Edinburgh-based language service provider (LSP) Lingo24 announced results for the first half of 2018. The company generated revenues of GBP 5.14m from January to June 2018 (up 23% compared to H1 2017) and returned to profitability. Current full-time headcount stands at 161.
While UK companies whose annual revenues are below GBP 10.2m are exempt from publicly filing their annual accounts, Lingo24 follows a more transparent approach, publicly reporting on its annual, and now half-year, financial performance.
Back in 2017, Lingo24 had posted a small loss of GBP 0.1m on revenues of GBP 9.5m for the full year. At the time, Lingo24 CEO Christian Arno told Slator the loss was due to “more than three years of heavy investment in its technology, senior management, and sales teams.”
Slator reached out to CEO Arno, who said that growth mostly came from existing accounts. The top 30 clients accounted for 73% of revenues (up from 53% in 2015 and 70% in 2017). The introduction of Europe’s GDPR regulations were among the company’s growth drivers, according to Arno, with a lot of corporate clients needing to update global internal policy documents and communicate changes internally and externally.
Lingo24 is one of the few small- to mid-sized LSPs that built its own translation productivity tool, called Coach, which it continues to develop. The company also offers a client portal called Ease. When it comes to machine translation (MT), Lingo24 uses Moses (statistical MT) and Marian (neural MT) in its workflows.
Asked whether he is going to continue this proprietary MT strategy following big tech’s foray into customizable machine translation, Arno said “our approach is very much around building custom engines that perform well for our clients’ content sets and that when benchmarked against providers we can access, beat their performance.”
In terms of potentially increased word-per-hour throughput, Arno said that while he thinks output will be more fluent thanks to NMT, he is not expecting “drastic throughput change given our high bar for deployment.”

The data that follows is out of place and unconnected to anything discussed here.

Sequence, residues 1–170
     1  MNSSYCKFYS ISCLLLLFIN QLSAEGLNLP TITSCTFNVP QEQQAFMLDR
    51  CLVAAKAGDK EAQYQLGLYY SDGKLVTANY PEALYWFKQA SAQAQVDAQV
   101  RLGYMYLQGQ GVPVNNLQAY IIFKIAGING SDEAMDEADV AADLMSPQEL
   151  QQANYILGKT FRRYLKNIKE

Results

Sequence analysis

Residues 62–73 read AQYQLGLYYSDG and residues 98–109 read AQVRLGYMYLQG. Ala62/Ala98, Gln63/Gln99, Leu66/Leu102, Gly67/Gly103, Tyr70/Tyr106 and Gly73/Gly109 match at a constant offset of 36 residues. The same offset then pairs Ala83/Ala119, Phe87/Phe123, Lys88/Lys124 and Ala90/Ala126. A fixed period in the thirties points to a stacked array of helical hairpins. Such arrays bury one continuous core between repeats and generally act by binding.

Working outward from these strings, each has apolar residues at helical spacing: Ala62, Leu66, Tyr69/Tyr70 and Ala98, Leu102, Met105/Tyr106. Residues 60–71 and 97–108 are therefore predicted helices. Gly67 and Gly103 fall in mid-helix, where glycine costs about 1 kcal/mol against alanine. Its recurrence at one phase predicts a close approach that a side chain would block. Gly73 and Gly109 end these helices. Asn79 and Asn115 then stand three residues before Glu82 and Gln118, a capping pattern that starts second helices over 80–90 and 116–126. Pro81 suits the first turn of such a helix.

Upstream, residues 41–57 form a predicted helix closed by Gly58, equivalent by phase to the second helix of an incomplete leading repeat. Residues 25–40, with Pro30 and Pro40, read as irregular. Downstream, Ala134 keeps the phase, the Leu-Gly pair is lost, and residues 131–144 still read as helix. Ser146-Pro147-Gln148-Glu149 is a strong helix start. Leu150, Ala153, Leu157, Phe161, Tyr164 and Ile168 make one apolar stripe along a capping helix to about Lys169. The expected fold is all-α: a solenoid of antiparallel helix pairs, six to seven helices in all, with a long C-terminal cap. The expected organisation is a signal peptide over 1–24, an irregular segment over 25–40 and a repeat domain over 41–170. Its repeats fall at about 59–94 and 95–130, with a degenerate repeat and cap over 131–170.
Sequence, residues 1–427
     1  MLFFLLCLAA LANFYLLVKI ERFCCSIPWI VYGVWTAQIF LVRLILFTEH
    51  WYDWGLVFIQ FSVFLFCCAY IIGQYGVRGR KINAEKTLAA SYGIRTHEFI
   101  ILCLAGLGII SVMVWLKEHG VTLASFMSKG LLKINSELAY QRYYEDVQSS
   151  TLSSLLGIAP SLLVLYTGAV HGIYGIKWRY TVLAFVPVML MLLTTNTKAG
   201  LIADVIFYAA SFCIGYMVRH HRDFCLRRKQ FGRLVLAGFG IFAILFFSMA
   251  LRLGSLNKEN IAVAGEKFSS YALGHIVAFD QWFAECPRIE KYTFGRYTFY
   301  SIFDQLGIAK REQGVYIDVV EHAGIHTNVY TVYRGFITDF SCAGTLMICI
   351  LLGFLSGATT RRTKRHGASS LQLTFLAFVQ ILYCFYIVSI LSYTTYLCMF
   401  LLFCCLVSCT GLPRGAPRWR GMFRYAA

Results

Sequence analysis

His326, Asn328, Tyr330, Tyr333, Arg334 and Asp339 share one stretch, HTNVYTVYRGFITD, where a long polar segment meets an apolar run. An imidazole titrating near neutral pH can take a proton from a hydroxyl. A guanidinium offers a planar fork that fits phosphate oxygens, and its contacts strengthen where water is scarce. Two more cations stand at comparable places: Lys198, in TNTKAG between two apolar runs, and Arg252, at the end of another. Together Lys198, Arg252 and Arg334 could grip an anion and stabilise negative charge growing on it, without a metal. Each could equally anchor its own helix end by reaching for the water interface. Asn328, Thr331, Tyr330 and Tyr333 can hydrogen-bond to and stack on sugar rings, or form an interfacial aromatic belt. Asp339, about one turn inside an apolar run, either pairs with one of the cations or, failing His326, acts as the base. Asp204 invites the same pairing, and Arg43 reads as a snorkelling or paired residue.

On NMT’s effect on pricing, Arno said he was “not really” observing clients’ pricing expectations being impacted by NMT. “The number of cases where NMT is making a material impact today is fewer than ten, but growing from that base quite quickly,” he noted.
“Very Few” Use-Cases for Blockchain
As the hype around neural MT subsides and the technology is deployed in real-world use cases, we asked Arno for his take on what some say will be the next big thing in the language industry: blockchain. Does he think blockchain has a realistic use case in the language industry? “Not at this point. There are very few use-cases we see that leverage the benefits blockchain provides in terms of provenance or distribution that couldn’t be solved in a more efficient way with existing technology,” Arno said.
“There are very few use-cases we see that leverage the benefits blockchain provides in terms of provenance or distribution that couldn’t be solved in a more efficient way with existing technology”
While M&A has been driving industry consolidation for years, RWS’ acquisition of Moravia and SDL buying Donnelley Language Solutions marked a step change and has created a sizeable gap between the big four—TransPerfect, Lionbridge, SDL, RWS—and the rest.
What’s the future of mid-sized LSPs? And how can they compete in a more consolidated market, where technology is playing an ever greater role and the biggest buyers increasingly prefer global vendors?
Arno is convinced that the consolidation at the top will create opportunities for mid-sized players. “Our experience is that, particularly in the very largest companies, customer service can become worse, particularly for mid-large buyers, the more removed buyers are from senior execs.” He said the “greater relative importance” of a mid- to large client to the mid-sized LSP will result in better service.